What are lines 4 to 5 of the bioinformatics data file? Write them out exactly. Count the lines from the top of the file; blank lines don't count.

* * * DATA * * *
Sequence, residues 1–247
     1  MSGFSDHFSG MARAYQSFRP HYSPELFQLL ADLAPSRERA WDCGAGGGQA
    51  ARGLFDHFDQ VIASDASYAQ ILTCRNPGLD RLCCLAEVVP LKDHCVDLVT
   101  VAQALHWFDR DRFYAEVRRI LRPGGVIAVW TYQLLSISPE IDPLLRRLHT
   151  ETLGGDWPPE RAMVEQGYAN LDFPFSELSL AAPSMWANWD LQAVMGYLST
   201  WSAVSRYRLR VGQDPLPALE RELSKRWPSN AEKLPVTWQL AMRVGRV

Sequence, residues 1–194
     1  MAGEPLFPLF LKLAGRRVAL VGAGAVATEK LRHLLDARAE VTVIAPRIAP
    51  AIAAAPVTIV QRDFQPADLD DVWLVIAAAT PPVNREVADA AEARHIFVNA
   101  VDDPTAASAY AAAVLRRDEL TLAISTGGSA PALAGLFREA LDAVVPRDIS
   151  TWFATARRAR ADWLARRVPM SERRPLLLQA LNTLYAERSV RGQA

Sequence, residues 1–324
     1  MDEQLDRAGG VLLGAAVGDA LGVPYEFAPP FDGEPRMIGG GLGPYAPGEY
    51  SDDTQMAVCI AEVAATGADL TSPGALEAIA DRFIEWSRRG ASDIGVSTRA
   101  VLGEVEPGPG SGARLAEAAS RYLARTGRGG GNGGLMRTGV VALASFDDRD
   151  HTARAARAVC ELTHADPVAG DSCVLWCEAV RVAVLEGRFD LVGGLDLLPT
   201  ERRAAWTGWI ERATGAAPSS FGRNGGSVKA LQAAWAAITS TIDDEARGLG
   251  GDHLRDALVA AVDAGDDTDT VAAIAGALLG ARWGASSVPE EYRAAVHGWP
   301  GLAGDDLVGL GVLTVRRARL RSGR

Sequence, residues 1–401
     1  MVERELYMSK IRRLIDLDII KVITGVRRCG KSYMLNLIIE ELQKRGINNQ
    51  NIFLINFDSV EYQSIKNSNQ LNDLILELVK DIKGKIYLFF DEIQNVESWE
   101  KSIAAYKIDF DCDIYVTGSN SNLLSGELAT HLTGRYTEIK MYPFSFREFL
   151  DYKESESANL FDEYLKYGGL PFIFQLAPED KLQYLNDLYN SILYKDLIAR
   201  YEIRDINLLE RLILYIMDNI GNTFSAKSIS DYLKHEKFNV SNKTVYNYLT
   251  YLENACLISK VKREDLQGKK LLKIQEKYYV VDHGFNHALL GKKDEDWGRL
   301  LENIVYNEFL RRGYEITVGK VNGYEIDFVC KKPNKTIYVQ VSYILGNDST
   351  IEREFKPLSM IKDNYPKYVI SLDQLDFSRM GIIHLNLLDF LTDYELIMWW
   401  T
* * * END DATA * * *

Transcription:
   101  VAQALHWFDR DRFYAEVRRI LRPGGVIAVW TYQLLSISPE IDPLLRRLHT
   151  ETLGGDWPPE RAMVEQGYAN LDFPFSELSL AAPSMWANWD LQAVMGYLST